Having been a writer, I can tell why people would want another book or series. If the first was a complete success. For example, when I heard the news the BBC’s drama series ‘the A word’ was going to be making a comeback for a second series. I was keen to finish my days’ work to get home and watch it. Having seen the first series, and how well explained the condition of Autism was. I was rather looking forward to seeing the next one. Set two years after the first series. Life for Joe, the young lad in the drama who has Autism, and his family. Life has adjusted slowly; but as with all forms of Autistic life, trouble is never usually far away. In the first episode of series two of ‘the A word’, Joe has managed to find his way onto the school roof. Of course, all the teachers are in panic mode, in case he falls off, and the kids in the playground are at a loss of what to think of it all.
As a young child myself living with ASD, I certainly never climbed onto any roofs to get away from anything. But I can see the reasoning behind what Joe was thinking, when he climbed up there. A playground can be a very stressful environment, even for someone who isn’t Autistic. For someone who is, the first thing you’re going to thinking about is how to get out of the dangerous waters of social interaction, as quickly as possible. Joe would have seen the ladder, seen that no-one else would be up there, and thought; ‘that’s a place I need to be, it’s safe from the dangers of the social environment’. Now to everyone else, the school roof wouldn’t be the best place to be. But to him, its heaven. He’s sitting up there, looking out at the view around him; listening to his music.
The series is set in the Lake District by the way, in case you were all wondering; hence why the view would be spectacular. He hasn’t got a concept of danger, or injury to himself or others. But it isn’t his fault; he’s just Joe. The slightly unusual, friendly child that people love and cherish. Another fascinating side to the drama that I found whilst watching it, was the attitude and reactions of the Grandad character ‘Maurice’ played by Christopher Eccleston. This has always been a topic that I have related to within my own family, because I have found that attitudes towards Autism spectrum disorders differ from generation to generation. Like for example, my parents were quite reluctant to accept my Autism when they were first told about it. After all, they were born in the 1960s, when Autism was starting to be recognised as a medical condition.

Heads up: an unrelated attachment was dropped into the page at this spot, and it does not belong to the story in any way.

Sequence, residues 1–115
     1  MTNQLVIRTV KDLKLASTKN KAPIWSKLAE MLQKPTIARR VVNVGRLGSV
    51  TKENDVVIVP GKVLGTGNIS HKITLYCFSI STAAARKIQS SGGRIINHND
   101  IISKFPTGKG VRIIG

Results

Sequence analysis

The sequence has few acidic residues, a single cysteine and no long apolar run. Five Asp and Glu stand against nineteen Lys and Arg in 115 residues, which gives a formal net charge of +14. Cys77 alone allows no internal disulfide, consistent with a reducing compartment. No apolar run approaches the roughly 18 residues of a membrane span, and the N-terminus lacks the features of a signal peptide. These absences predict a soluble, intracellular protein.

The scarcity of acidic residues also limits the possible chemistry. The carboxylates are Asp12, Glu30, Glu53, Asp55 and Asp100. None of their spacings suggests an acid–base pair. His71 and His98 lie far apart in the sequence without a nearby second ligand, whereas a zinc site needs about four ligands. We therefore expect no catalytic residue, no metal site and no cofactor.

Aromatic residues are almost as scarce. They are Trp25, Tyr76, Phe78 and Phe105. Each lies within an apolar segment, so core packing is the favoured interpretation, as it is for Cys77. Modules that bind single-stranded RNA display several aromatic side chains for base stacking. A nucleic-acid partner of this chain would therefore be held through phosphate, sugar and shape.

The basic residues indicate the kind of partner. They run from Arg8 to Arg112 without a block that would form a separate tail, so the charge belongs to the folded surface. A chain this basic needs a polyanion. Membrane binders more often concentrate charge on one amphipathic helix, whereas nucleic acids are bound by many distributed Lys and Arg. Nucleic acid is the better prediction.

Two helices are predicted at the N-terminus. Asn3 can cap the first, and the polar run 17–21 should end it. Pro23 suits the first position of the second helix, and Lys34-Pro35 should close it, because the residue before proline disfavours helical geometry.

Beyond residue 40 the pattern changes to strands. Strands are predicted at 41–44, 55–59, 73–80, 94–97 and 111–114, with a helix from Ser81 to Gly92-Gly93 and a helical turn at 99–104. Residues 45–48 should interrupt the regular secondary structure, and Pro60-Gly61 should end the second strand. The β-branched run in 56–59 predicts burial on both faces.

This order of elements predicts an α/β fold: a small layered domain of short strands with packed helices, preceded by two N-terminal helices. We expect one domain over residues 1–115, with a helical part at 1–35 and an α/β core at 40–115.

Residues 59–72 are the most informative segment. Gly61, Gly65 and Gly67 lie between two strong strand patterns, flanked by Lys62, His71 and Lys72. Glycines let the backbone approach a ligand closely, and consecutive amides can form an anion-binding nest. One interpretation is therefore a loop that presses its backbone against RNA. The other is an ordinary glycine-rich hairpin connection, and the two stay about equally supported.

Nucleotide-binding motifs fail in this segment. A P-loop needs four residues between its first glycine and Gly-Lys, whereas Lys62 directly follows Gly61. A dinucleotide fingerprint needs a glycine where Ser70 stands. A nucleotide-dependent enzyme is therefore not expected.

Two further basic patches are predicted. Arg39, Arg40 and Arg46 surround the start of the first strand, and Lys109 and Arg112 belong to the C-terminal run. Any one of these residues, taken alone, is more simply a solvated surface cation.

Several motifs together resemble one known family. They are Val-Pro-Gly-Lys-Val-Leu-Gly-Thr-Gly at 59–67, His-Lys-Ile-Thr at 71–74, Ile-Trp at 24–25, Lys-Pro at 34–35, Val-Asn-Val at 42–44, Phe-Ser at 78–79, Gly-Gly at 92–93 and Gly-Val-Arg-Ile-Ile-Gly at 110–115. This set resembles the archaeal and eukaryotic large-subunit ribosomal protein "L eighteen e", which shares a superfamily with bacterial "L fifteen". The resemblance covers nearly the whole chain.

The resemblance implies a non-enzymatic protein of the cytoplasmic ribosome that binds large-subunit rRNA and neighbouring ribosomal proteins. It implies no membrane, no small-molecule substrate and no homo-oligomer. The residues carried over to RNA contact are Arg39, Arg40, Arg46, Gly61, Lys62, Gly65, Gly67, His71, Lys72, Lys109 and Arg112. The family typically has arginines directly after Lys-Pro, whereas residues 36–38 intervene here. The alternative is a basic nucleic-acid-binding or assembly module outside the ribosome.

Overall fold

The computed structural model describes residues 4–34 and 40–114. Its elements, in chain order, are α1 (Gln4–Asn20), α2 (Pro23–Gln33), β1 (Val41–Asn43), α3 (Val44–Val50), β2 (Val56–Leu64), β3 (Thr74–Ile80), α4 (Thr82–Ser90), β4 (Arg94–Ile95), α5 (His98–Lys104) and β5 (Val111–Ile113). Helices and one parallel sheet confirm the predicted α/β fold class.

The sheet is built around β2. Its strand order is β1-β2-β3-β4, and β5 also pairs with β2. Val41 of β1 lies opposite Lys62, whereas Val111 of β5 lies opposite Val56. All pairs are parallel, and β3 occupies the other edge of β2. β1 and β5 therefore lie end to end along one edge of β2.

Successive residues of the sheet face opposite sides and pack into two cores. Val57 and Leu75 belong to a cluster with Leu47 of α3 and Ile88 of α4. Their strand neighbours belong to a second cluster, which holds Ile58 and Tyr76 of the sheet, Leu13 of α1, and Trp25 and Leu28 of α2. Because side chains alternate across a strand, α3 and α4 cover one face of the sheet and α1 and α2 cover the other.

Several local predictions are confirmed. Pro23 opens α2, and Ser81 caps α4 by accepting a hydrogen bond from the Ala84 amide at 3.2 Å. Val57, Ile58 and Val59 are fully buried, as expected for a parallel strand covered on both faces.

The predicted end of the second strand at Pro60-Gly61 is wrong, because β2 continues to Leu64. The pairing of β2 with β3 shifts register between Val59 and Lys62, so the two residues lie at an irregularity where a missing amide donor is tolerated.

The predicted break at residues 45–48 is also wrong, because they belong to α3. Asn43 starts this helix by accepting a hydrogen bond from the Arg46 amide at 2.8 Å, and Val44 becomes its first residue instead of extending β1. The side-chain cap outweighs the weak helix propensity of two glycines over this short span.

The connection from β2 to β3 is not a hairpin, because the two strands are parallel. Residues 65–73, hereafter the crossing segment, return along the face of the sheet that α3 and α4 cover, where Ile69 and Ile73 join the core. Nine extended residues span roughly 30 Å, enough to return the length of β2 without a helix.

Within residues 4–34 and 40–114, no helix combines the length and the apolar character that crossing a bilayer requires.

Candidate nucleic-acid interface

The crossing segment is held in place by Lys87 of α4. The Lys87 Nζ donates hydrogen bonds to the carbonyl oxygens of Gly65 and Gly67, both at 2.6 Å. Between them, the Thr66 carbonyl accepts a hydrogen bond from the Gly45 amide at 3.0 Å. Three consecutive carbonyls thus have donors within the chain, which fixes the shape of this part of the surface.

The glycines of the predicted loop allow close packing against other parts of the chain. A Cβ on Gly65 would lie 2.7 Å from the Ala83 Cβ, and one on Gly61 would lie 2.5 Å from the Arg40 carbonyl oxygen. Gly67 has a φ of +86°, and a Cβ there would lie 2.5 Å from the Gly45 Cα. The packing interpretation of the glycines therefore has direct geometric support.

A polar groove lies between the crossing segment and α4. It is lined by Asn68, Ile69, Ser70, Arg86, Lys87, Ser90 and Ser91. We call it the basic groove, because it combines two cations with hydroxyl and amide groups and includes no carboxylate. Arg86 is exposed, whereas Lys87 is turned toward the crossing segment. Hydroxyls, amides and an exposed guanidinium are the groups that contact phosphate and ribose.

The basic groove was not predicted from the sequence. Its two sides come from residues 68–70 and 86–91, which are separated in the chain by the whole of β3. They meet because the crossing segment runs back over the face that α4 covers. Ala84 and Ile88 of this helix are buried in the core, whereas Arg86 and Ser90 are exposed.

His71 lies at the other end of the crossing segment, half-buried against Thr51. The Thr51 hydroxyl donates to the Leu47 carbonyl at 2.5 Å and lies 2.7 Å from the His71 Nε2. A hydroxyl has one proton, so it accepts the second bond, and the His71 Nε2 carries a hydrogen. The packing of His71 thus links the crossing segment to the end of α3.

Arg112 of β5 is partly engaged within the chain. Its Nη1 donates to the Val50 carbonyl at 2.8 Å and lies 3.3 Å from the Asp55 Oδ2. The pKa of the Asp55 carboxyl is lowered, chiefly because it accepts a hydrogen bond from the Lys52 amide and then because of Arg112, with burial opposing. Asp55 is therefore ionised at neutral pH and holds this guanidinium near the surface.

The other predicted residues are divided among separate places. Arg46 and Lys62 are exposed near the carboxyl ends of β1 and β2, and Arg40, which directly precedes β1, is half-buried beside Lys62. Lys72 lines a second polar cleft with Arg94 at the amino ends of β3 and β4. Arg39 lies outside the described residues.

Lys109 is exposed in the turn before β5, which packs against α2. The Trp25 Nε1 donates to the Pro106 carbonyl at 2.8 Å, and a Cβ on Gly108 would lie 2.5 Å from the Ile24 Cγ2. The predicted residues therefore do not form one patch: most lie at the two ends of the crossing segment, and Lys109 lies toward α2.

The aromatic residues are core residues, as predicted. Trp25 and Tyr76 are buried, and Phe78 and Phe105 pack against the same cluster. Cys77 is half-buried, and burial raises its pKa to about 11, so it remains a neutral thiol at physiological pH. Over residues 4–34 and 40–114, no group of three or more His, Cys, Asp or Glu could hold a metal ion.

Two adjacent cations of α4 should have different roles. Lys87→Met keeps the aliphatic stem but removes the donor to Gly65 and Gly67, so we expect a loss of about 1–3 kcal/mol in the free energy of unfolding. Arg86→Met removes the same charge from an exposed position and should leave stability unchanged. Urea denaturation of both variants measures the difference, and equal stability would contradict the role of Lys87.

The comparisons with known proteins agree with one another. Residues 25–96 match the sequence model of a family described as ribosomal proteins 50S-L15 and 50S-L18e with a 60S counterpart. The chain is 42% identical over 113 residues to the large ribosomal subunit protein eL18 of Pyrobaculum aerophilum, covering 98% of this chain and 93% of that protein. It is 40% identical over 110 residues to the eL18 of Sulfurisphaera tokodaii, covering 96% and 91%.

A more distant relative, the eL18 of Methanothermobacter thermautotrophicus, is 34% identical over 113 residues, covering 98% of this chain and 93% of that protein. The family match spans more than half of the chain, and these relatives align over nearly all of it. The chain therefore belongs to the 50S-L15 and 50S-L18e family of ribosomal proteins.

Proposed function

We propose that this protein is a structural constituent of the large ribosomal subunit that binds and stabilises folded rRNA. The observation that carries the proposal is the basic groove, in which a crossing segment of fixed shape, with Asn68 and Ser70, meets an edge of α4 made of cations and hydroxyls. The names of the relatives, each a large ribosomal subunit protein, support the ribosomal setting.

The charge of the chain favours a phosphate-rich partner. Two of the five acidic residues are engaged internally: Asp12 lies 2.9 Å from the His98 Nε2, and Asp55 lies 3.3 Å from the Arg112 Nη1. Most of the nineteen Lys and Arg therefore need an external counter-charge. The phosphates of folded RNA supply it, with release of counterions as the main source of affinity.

But the reaction of my grandparents was quite different. They seemed not necessarily to deny its existence, but instead show a lack of understanding and just thought I was a little odd. After all, Autistic people are a little odd to the world, because they don’t seem to fit in the category of normal. Back on ‘the A word’ topic; I was interested to see Joe’s parents attitude has changed from what it was last series. Before it was the worry that he wouldn’t fit in and trying to make Joe more like the other kids in the school. But now, his difference seems to be being recognised and understood by more and more people in his life. Another top tip I totally agree with, was the role play exercise done by the parents to explain to Joe what Autism was and what it meant to him and everyone else.
If you are a parent with an Autistic child, I do highly recommend this. It is a very good thing to trial on each other before approaching your child on it. Another top tip would be, try to talk to them about it using their special subject. For example, if there into wildlife, then compare them to Chris Packham, the autistic wildlife presenter on BBC’s Springwatch programme. It may not get through straight away, but at least you can guarantee some form of concentration from the child, if their subject is mentioned. I certainly benefited from this with my parents, as they knew I was into cars. So, brought up an Aston Martin in the conversation when telling me about my Autism. It certainly helped anyway, as I do like Aston Martin supercars. Finally I wanted to finish by saying this.
What ‘the A word’ series demonstrates is the ability to be able to watch a drama which isn’t just about a modern incredible condition, but also a series which is full of humour as well. The series writer ‘Mr Peter Bowker’ in my opinion, is a very talented teacher and writer; who is clearly skilled and experienced in Autism and learning difficulties. I’m looking forward to next week’s episode, where Joe is having to take in moving schools to a mainstream school with an Autism specialist unit. But as everyone with Autism will know, dealing with change, is not our most outstanding achievement.